Schools must consider how to serve all students with high-quality education, regardless of whether and how schools decide to reopen their physical classrooms.

The Mid Atlantic Equity Consortium offers a free Equity Audit your school and district can use to identify equity gaps, and develop a more culturally responsive instructional strategy.

If we must host virtual classrooms this year, what instructional strategies should we use?

Teaching virtually requires new and different skill sets that teachers may never have needed to develop in the past. Teachers must be provided with frequent, consistent, professional development to learn how to properly support and engage their students.

Recently, we published two articles which will help you plan your virtual instruction for the 2020-2021 school year:

  1. What COVID-19 Taught Us About Student Engagement in Digital Learning — Digital learning is a new skill for both students and faculty, especially as teachers try to keep students engaged without in-person contact. In this article, you’ll learn the components of a truly engaging virtual classroom, and tips for preventing your students from feeling isolated in their learning.
  2. How Do We Measure Student Mastery of Virtual Content? — Even in a regular classroom, teachers can struggle to measure how students are progressing through each learning unit and know how to intervene before students fall behind. In this article, we discuss how teachers can implement formative assessments in their distance learning instruction to track student achievement and support struggling students.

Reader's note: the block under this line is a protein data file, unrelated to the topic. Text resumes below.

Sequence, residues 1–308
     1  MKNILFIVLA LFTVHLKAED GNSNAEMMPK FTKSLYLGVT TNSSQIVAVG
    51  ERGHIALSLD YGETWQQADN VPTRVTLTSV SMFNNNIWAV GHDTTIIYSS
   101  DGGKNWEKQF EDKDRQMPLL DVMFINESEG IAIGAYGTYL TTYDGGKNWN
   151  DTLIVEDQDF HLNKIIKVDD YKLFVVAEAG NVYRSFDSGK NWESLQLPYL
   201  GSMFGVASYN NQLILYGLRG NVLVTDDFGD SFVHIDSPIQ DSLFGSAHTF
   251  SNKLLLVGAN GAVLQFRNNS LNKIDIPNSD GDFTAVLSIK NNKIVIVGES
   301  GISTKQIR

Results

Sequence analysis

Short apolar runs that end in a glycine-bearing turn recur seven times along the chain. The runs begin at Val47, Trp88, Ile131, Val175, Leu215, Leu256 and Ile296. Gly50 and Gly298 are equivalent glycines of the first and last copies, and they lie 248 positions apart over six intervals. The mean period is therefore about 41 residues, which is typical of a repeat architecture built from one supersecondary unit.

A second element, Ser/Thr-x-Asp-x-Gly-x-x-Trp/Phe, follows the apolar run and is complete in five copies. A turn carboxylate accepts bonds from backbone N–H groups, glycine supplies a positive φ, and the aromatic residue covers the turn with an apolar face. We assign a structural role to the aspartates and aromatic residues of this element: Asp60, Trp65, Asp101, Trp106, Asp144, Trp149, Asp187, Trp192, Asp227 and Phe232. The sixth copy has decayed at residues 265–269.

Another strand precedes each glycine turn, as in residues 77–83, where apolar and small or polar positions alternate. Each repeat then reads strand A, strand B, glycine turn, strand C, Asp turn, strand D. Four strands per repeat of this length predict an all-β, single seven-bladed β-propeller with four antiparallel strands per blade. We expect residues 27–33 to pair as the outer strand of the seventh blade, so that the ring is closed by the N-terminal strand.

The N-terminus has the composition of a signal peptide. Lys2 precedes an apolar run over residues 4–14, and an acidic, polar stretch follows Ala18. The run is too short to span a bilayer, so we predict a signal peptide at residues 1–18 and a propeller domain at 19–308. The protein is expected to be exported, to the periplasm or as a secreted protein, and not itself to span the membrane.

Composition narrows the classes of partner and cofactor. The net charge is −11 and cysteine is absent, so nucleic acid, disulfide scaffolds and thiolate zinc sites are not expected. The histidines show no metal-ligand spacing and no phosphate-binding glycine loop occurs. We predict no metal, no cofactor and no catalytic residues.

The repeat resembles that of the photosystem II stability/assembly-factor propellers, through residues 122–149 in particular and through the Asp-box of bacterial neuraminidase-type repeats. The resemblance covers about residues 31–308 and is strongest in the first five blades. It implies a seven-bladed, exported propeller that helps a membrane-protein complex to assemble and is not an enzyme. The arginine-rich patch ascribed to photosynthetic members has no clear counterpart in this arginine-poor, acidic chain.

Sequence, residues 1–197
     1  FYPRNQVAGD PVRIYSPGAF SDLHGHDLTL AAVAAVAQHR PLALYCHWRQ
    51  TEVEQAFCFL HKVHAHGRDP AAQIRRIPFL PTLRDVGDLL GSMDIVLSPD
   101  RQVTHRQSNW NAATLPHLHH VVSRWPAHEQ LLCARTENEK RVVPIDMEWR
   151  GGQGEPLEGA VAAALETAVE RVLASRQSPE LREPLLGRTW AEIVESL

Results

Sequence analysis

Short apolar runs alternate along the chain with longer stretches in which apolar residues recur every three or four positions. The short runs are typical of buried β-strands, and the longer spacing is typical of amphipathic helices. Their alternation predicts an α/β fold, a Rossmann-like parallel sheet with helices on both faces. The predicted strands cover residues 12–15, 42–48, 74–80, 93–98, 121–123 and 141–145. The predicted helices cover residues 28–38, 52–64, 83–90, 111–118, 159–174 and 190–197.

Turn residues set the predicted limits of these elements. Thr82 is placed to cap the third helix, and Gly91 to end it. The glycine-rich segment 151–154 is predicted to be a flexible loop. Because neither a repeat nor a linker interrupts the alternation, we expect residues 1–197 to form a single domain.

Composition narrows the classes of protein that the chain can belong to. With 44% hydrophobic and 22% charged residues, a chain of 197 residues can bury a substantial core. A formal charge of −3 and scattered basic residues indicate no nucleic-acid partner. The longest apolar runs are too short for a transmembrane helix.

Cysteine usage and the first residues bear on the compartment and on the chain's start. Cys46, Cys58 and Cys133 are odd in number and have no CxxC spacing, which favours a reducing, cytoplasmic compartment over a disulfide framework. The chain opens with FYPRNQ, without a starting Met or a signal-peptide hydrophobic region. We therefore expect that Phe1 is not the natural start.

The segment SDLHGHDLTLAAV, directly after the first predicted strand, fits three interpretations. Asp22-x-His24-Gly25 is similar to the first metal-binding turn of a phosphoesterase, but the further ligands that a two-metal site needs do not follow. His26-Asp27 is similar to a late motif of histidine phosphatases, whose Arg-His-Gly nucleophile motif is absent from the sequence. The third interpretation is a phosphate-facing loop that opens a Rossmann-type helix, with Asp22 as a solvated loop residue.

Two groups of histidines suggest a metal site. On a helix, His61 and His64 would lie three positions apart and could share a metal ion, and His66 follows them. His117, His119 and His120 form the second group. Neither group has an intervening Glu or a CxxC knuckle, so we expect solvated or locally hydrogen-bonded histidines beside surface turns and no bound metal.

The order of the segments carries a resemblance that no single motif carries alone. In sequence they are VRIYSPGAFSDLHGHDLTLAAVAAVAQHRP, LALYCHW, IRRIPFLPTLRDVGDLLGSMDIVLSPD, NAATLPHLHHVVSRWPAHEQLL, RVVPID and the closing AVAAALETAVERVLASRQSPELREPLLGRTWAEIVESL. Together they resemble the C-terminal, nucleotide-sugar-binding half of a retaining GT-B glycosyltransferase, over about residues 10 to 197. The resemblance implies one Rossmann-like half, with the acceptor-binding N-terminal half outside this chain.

Individualized learning (also known as personalized learning) should be strongly considered by school leaders to ensure all students receive the support they need to excel in virtual classrooms. Some schools may need to consider breaking teachers into two groups this year:

  1. Presenters, who spend their time leading engaging virtual lessons through online platforms, and
  2. Tutors, who work with small groups and individually with students to help them understand and work through lesson plans.

The Achievement Network provides a few case studies to help your leaders understand how individualized learning could look at your school this year.

How can we provide high-quality professional development to help our teachers succeed in the Fall 2020 semester?

Regardless of the learning format your school chooses to use this fall, your school will inevitably look different from previous years. Even if your school chooses to reopen all classrooms, classroom management will require creativity to keep students safely socially distanced. Students with underlying health conditions may not be able to attend school in-person and need new supports.

The Center for Student Achievement Solutions offers customized, ongoing professional support solutions for your school or district which are planned through collaboration with your leadership. Schedule a free call with one of our experts to begin planning for the 2020-2021 school year.